• Eliminates genetically modified food such as corn, soy, or sugar from GM sugar beets.
  • Eliminates all sugar and high-fructose corn syrup.
  • Eliminates aspartame or other chemical food additives.
  • Eliminates modified, unnatural ingredients such as hydrogenated oils.
  • Eliminates soda pop – adds more water.

Think what changes a healthy diet would make for our country. Health care cost would go down. Many of current diseases such as cancer, heart disease, diabetes, obesity, etc. would be eliminated or greatly reduced. Less sick leave and a more productive work force. Children better able to learn in school. Lack of good diets and proper nutrition may even be a reason for losing world leadership ability.

There are many health-conscious individuals who are concerned about what goes into their food and into their body. However, we need to continue to spread the word to more people and take action ourselves.

I challenge you to see what others are putting in their grocery carts at the store. I’m often mind-boggled by all the pop and chips going out the door.

Do you think we will make healthy changes by 2020?

To your good health and that of your family,

Lee Jackson
Child Nutrition Advocate – author
http://healthykidseatingtips.com

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Kids Compete in “Iron Chef” Cooking Challenge

Kids really do like to cook and create if given an opportunity. Take a look at how one school is getting the interest of the kids and cooking. Read about it here:    http://www.dailycamera.com/boulder-county-schools/ci_20236805/boulder-valley-middle-schoolers-battle-best-sandwich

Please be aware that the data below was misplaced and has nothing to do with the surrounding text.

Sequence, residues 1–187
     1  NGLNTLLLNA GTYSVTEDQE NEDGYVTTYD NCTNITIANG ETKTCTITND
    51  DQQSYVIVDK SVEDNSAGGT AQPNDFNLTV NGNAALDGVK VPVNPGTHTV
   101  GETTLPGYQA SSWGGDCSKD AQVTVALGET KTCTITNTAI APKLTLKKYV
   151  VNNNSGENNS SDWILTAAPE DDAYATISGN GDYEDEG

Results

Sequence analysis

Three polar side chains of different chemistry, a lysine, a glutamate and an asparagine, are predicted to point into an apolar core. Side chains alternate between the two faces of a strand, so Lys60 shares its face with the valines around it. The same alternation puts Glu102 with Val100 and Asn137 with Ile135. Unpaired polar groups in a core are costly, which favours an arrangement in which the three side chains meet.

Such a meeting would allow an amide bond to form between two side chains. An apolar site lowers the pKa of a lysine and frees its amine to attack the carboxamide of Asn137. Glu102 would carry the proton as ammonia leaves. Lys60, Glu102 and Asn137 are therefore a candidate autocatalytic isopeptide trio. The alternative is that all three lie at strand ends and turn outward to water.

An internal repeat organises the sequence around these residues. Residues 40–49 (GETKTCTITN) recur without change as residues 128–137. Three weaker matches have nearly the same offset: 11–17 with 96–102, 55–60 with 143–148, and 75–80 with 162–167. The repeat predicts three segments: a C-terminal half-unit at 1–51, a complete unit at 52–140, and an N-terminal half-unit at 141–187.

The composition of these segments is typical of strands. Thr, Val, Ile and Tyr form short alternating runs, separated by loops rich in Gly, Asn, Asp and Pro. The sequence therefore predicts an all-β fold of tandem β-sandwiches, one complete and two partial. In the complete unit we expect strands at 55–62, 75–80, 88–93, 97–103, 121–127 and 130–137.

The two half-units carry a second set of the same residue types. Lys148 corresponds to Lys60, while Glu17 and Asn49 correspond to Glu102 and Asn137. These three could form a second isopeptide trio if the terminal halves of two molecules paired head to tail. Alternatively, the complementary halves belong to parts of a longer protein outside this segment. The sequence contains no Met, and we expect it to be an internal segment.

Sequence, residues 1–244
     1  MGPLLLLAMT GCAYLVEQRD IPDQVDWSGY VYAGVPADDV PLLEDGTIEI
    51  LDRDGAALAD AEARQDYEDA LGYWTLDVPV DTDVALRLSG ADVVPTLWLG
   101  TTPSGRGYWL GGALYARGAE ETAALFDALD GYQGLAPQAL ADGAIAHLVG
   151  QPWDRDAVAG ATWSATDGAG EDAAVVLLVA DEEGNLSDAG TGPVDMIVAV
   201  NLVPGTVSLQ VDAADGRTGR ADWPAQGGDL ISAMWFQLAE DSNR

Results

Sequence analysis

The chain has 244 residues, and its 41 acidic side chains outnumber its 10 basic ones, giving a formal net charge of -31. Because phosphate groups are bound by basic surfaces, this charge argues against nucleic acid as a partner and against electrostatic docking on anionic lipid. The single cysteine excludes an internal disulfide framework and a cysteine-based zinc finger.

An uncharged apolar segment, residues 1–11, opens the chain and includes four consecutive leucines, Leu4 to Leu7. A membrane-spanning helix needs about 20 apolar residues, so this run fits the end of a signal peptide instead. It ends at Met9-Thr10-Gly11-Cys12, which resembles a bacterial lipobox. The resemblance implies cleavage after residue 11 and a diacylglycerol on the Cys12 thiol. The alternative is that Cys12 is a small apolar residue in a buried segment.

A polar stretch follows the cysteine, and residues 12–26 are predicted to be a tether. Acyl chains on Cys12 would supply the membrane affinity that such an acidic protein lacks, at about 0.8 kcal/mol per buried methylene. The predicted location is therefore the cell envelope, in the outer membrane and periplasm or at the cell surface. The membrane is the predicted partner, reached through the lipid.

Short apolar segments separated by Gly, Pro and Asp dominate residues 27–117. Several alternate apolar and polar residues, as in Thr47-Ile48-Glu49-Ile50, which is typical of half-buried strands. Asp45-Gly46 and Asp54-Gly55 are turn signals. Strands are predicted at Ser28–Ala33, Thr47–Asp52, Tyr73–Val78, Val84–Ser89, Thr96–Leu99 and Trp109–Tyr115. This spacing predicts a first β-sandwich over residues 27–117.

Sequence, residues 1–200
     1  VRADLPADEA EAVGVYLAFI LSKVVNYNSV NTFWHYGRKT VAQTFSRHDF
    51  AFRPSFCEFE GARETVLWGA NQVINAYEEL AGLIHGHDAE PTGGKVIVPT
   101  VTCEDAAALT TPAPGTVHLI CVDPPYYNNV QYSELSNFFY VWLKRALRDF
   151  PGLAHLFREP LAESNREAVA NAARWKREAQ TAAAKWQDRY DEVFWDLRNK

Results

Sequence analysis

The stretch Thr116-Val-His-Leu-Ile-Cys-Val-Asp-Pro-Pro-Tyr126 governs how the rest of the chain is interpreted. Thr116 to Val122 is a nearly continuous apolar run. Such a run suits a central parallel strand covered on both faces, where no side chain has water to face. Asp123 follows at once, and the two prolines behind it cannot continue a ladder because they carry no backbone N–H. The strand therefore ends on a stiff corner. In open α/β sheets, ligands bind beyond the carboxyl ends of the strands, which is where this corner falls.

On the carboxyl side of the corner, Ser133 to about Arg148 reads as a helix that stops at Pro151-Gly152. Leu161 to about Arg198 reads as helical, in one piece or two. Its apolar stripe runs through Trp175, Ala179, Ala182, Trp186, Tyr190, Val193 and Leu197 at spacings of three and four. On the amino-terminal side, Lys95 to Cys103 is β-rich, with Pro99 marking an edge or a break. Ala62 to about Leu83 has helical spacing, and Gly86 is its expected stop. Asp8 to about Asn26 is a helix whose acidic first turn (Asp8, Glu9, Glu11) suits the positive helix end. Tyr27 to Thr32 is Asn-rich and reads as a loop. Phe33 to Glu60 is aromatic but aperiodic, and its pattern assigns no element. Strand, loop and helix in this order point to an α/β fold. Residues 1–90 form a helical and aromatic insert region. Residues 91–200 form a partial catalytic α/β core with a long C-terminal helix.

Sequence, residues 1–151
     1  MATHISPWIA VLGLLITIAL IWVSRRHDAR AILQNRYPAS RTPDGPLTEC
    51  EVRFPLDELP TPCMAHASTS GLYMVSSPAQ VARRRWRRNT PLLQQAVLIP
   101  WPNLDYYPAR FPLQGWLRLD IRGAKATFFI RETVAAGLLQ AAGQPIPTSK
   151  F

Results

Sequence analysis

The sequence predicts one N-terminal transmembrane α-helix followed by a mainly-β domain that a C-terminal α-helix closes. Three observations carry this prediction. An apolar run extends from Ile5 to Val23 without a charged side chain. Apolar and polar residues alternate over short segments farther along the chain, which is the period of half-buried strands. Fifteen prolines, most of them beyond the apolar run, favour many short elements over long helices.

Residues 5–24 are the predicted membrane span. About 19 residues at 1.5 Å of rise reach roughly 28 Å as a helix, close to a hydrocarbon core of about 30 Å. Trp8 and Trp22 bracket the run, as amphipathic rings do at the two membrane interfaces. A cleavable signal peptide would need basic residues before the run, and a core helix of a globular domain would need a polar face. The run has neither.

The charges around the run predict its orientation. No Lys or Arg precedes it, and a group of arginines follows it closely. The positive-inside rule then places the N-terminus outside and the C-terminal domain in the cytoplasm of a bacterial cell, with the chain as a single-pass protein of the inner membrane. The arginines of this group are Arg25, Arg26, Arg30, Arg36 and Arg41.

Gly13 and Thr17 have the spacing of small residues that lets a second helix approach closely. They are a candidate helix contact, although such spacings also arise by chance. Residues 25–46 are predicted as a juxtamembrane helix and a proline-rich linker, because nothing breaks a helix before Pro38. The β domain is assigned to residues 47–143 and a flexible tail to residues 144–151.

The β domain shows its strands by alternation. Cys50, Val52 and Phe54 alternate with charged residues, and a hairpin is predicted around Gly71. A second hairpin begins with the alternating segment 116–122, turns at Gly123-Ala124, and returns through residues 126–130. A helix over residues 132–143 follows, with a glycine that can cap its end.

Your Health is Under Attack

The video, “Hungry for Change” will forever change the way you look at yourself, the way you look at food, and your concept of  diet and good health. If possible this week-end, set aside time to watch this free video at  http://www.hungryforchange.tv/online-premiere. It may well be the most influential video you will see. It may even be the turning point in your life.

Get ready for an “a-ha” week-end,

Lee Jackson
Nutrition advocate and author
http://HealthyKidsEatingTips.com

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Veggie Recipe for Kids

English: A pack of organic cherry tomatoes, fr...

Image via Wikipedia

Vegetables have received a bad rap when it comes to being accepted by kids. But what other food is as colorful and as varied in taste and texture as vegetables? As parents we need to get across to kids that vegetables are really a most interesting and colorful food.

The way vegetables are presented and talked about in the family makes a real difference. If big brother or sister says that some food is yucky, then chances are, that is what the younger child believes. It’s amazing what lasting effect words can have on children. Then there are the positive words you can use as well: It will make you grow big and strong. It will make your hair shine. It will give you rosy cheeks. What a difference words can make!

Here is a recipe from the childrens cookbook, Cooking Around the Calendar with Kids – Holiday and Seasonal Food and Fun by Amy Houts, that shows kids just how good and juicy and fun vegetables can be – if you believe tomatoes are a vegetable, otherwise, go with the fruit definition. Botanically, a tomato is a fruit; however, it has a much lower sugar content than other fruits, and is therefore not as sweet. It is considered a vegetable for most culinary purposes.

Cherry Tomatoes with Dip

Cherry tomatoes

Dip:
1/2 cup plain yogurt
1/2 cup mayonnaise
1 teaspoon dried minced onion
1/2 teaspoon garlic powder
1 teaspoon celery seed
1 teaspoon seasoning salt

Combine all ingredients for dip in a bowl. Mix until smooth. Cover bowl and refrigerate for several hours or overnight.

When ready to eat, wash tomatoes and cut in half. Stick a toothpick into the tomato. Give each child a small container of dip.

You can also use carrot and celery sticks, cauliflower or broccoli, or other vegetable with this dip. If children are very young, you will need to cook the vegetable a short time to soften them slightly.

Let’s keep them healthy,

Lee Jackson
Child nutrition advocate, author
http://www.healthykidseatingtips.com